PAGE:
Ah, how rare those who order their life in such a way as not to take pleasure in denigrating the lives of others!

Traditional Catholic with a wife, 10 kids, 5 cats and 2 dogs. To learn why this lay person is running this blog rather than a priest, go here.

Vision of Hell

This is a repost that was first put on this blog three years ago.  It is a good reminder of the need to go to confession and staying in a state of Grace…

Clara’s vision of Annette in Hell – TESTIMONY

Clara and Annette, both single Catholics in their early twenties, worked adjacent to each other, employees of a commercial firm in Germany. Although they were never very close friends, they shared a courteous mutual regard which lead to an exchange of ideas and, eventually, of confidences.
Clara professed herself openly religious, and felt it her duty to instruct and admonish Annette when the latter appeared excessively casual or superficial in religious matters.  In due course, Annette married and left the firm. The year was 1937.
Clara spent the autumn of that year on holiday at Lake Garda. About the middle of September she received a letter from her mother: ‘Annette . . . Instead. She was the victim of an auto accident was buried yesterday at Wald-Friedhof. Clara was frightened since she knew her friend was not very religious. Was she prepared to appear before God? Dying suddenly, what had happened to her?
The next day she attended Mass, received Holy Communion, and prayed fervently for her friend.The following night, at ten minutes after midnight, the vision took place .
 satan78921CLARA
Clara, do not pray for me ! I am in hell
Clara, do not pray for me! I am in hell. If I tell you this and speak at length about it, do not think it is because of our friendship. We here do not love anyone. I do this as under constraint. In truth, I should like to see you too come to this state where I must remain forever.”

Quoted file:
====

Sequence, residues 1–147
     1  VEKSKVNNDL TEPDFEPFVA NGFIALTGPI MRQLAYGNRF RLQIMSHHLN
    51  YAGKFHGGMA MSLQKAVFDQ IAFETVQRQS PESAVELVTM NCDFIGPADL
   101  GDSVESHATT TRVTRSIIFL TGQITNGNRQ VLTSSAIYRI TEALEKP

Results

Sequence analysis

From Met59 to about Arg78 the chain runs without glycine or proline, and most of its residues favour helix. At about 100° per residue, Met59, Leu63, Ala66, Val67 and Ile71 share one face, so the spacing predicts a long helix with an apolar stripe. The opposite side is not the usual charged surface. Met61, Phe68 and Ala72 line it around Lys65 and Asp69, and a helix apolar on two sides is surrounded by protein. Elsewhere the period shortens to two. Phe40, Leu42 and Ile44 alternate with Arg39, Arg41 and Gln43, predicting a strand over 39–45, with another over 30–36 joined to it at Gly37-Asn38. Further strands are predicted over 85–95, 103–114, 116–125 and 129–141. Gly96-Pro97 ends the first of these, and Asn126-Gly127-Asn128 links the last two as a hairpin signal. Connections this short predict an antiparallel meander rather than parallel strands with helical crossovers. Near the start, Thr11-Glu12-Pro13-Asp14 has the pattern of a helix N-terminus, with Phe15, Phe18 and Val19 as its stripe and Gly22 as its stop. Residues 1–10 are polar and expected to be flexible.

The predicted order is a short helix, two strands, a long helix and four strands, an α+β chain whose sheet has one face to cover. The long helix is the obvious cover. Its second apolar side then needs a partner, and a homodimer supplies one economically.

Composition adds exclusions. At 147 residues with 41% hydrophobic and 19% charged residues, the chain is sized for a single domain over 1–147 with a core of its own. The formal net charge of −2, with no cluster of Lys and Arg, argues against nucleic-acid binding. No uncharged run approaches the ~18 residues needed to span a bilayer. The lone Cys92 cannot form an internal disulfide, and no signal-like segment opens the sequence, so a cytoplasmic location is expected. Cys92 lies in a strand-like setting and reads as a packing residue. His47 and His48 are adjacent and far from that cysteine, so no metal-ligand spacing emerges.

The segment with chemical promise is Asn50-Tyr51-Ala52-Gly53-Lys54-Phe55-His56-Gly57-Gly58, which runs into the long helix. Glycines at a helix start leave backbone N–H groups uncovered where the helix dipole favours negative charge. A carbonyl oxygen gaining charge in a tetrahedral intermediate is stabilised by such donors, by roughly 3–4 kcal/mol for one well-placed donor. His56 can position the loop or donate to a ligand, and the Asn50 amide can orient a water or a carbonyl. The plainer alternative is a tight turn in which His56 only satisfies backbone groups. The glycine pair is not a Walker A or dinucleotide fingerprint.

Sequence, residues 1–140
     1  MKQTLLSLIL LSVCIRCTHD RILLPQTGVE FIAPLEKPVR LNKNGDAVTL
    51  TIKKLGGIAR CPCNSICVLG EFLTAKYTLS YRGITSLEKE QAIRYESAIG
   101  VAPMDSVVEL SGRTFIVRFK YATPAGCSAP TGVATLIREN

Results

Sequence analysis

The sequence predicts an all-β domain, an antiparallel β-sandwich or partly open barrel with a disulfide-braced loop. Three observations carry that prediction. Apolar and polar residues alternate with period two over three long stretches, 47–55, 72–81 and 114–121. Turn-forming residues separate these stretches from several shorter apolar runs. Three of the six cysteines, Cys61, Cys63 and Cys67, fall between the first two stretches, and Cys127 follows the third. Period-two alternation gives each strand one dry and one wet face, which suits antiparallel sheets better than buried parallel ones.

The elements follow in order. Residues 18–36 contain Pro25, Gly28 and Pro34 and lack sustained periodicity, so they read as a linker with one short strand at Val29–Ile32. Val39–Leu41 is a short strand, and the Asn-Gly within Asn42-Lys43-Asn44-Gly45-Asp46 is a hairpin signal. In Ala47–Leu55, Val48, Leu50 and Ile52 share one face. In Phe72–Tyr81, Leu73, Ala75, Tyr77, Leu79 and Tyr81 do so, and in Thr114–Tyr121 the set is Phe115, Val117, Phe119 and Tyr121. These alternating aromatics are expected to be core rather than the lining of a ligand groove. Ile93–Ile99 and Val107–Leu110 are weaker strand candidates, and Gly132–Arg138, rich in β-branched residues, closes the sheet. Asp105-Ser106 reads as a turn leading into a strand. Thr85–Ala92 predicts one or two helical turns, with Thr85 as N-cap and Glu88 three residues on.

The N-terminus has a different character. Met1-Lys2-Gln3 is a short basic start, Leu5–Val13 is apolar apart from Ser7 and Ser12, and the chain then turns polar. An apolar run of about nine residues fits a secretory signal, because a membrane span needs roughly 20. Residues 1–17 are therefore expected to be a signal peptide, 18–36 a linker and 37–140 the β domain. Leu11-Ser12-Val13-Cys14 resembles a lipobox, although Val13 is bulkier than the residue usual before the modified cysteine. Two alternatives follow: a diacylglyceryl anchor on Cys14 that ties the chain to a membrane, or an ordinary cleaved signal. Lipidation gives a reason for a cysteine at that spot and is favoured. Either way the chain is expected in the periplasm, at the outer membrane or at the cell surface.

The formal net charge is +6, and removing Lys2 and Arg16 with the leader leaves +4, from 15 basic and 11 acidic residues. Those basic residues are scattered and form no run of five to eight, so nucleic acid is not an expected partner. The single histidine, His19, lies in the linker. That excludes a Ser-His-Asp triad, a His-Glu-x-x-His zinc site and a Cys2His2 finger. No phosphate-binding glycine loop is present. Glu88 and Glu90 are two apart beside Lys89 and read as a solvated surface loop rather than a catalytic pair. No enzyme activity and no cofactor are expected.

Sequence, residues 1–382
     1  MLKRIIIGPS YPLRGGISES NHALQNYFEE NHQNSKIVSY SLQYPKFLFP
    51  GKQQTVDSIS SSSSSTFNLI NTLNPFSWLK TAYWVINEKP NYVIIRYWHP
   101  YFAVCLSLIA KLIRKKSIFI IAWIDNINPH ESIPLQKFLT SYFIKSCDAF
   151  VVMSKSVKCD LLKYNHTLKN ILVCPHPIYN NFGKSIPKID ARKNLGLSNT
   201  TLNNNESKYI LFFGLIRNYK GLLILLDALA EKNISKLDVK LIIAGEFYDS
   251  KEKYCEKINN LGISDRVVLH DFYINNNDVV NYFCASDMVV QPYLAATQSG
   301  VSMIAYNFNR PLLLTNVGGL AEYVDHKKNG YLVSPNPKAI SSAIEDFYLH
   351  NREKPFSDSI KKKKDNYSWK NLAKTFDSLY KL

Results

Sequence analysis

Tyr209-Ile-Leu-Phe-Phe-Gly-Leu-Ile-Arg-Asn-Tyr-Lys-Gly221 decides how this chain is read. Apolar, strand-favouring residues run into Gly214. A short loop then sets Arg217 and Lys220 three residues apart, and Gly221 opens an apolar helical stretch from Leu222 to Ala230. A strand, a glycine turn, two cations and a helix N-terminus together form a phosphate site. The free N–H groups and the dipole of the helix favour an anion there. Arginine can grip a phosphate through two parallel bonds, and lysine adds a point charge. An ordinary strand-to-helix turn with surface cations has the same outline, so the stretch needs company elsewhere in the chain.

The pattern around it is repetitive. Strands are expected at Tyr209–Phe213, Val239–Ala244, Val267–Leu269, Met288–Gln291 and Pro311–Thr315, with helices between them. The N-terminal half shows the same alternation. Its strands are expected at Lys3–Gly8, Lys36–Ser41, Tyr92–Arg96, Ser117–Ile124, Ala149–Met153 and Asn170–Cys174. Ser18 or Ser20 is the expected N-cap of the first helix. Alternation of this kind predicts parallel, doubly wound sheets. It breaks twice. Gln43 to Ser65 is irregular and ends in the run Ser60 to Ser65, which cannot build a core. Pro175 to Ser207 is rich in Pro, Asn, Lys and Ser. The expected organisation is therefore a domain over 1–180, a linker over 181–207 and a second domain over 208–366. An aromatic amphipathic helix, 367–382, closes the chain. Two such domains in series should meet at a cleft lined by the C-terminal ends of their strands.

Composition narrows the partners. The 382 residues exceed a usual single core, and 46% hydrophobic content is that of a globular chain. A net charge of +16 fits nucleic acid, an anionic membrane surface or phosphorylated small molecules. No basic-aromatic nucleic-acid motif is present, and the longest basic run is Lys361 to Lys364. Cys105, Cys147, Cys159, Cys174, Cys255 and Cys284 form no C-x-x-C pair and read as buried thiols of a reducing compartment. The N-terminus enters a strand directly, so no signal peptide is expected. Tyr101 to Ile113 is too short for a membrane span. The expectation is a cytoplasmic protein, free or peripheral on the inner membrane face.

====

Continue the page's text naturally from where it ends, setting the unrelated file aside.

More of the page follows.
Perhaps that angers you, but here we all think that way. Our wills are hardened in evil, in what you call ‘evil’. Even when do something ‘good’, as I do now – opening your eyes about hell, it is not because of a good intention.Do you still remember our first meeting four years ago at . . .? You were then 23 and had been there already half a year. Because I was a beginner, you gave me some helpful advice. Then I praised your love of your neighbor. Ridiculous! Your help was mere coquetry. Here we do not acknowledge any good in anybody.”

”Do you remember what I told you about my youth? Now I am painfully compelled to fill in some of the gaps.” According to the plan of my parents, I should not have existed. A ‘misfortune’ brought about my conception. My two sisters were 14 and 15 when I was born.”

Would that I had never existed! Would that I could now annihilate myself! Escape these tortures! No pleasure would equal that with which I would abandon my existence, as a garment of ashes which is lost in nothingness. But I must continue to exist as I chose to make myself as a ruined person.”

When father and mother, still young, left the country ‘or the city, they had lost touch with the Church and were keeping company with irreligious people. They had met at a dance, and after a year and a half of companionship they ‘had’ to get married.”  As a result of the nuptial ceremony, so much holy water remained on them that my mother attended Sunday Mass a couple of times a year. But she never taught me to pray, Instead, she was completely taken up with the daily cares of life, although our situation was not bad.”